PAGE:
- Kaiga-5 and -6 in Karnataka state
- Chutka-1 and -2 in Madhya Pradesh
- Mahi Banswara-1,-2,-3 and -4 in Rajasthan, and
- Gorakhpur-3 and -4 in Haryana state
The total cost of constructing the reactors is estimated at $16.3bn (€13.9bn) at a constant price level, which excludes inflation and interest during construction, Mr Singh said. All materials and components for the units would be sourced in India, he said.
South Korea ‘In Talks’ Over Stake In Horizon’s Wylfa Newydd
(NucNet): South Korea’s state-owned Korea Hydro and Nuclear Power (KHNP) is said to be in early talks to buy a stake in Horizon’s Wylfa Newydd nuclear power station project in Wales. According to media reports on July 23, 2017, KHNP, a subsidiary of Korea Electric Power Corporation (Kepco), could invest in Horizon as a minority shareholder along with the governments of Japan and the UK. The company is understood to be hiring advisers in the UK, the Sunday Times reported.
A spokesman for Horizon said: “We have always been clear that we are looking to bring other investors into Horizon. Based on the strengths of our project, we are in positive discussions with a number of parties but we will not be commenting on the process whilst it is ongoing.”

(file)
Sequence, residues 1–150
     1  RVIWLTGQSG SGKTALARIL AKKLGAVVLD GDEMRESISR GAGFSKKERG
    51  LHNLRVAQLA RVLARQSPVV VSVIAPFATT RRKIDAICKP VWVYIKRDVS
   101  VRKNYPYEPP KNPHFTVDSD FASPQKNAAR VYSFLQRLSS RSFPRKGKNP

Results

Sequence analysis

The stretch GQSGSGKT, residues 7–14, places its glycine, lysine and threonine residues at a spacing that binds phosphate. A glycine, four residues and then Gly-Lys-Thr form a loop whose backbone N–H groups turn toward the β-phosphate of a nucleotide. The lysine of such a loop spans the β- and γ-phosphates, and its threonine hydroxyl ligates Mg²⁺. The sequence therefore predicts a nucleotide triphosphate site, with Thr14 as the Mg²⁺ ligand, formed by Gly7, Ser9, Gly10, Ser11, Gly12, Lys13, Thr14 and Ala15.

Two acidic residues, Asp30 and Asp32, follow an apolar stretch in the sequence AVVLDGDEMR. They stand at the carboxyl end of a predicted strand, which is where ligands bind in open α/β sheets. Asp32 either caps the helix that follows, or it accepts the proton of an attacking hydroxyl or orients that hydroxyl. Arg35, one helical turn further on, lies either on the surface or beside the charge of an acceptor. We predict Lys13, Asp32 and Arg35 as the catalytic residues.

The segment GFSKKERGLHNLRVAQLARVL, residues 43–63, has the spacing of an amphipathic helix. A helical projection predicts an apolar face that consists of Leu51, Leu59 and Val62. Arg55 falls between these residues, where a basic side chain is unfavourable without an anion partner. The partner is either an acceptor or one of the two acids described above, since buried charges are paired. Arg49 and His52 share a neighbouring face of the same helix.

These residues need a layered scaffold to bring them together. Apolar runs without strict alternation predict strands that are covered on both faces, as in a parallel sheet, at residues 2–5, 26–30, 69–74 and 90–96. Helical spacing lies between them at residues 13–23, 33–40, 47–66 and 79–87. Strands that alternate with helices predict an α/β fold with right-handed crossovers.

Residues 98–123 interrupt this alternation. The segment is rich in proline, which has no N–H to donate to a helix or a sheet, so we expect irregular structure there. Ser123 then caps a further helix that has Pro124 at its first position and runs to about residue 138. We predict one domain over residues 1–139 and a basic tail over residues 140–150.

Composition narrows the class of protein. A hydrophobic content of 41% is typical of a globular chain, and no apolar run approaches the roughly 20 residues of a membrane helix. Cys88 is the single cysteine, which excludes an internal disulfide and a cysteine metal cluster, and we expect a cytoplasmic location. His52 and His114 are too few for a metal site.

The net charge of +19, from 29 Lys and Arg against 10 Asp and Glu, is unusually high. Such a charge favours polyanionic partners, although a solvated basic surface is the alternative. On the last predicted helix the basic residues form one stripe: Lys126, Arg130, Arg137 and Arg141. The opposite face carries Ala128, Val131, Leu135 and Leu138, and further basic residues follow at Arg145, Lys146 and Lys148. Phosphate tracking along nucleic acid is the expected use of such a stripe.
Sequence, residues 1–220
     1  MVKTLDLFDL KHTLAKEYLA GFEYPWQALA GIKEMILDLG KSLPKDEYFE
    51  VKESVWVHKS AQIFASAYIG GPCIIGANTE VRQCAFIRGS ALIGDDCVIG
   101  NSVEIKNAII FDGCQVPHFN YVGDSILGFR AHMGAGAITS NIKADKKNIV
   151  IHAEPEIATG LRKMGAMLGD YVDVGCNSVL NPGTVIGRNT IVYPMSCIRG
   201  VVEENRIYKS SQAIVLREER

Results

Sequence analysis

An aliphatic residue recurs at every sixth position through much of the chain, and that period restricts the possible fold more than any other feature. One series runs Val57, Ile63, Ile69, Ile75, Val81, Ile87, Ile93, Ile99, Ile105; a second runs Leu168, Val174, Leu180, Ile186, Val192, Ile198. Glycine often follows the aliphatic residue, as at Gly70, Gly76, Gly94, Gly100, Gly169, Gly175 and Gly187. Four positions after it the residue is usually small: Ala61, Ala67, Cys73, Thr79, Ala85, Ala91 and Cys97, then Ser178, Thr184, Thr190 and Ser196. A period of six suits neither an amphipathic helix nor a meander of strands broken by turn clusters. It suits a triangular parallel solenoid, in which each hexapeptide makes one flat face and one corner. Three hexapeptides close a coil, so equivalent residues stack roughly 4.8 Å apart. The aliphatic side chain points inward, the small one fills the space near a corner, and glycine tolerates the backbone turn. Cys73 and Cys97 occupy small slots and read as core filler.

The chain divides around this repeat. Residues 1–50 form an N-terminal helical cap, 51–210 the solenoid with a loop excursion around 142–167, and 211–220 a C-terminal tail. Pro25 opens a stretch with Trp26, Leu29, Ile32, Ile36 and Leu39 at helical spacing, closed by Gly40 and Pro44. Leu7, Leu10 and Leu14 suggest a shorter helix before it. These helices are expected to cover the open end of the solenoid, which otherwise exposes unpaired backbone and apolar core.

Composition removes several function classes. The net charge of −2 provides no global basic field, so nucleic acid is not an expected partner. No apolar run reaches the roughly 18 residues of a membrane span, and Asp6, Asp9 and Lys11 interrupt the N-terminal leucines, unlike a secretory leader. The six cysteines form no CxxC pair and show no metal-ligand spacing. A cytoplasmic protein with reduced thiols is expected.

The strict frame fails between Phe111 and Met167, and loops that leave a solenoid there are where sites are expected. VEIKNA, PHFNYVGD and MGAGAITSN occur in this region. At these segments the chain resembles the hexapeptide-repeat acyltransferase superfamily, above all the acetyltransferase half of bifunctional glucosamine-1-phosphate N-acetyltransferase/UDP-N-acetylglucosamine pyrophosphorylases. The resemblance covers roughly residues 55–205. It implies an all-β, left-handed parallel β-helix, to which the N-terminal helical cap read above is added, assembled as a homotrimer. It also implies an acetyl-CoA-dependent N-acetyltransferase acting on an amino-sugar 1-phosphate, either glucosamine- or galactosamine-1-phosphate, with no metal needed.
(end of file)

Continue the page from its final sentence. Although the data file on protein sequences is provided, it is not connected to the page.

Horizon is planning to build and operate two UK Advanced-Boiling Water Reactor (ABWR) units at Wylfa Newydd on the island of Anglesey in north Wales. The company submitted its site application in April 2017.
If KEPCO enters the picture, it may propose to build its own 1400 MW units similar to those it is completing in the UAE. However, the reactor has not yet been submitted for the UK nuclear safety review needed to license the construction and operation of this design. That process could take three years or longer depending on how well the review process goes.
China Holds Talks With Poland Over Plans For First Nuclear Plants
(NucNet) Nuclear operator China General Nuclear Power Corporation (CGN) has held discussions with the Polish government about potentially becoming a partner and building Poland’s first commercial nuclear power plant.
CGN said talks took place with a Polish delegation headed by deputy minister of energy Andrzej Piotrowski in Shenzhen during a visit to China. Mr Piotrowski also met his Chinese counterpart Li Fanrong in Beijing.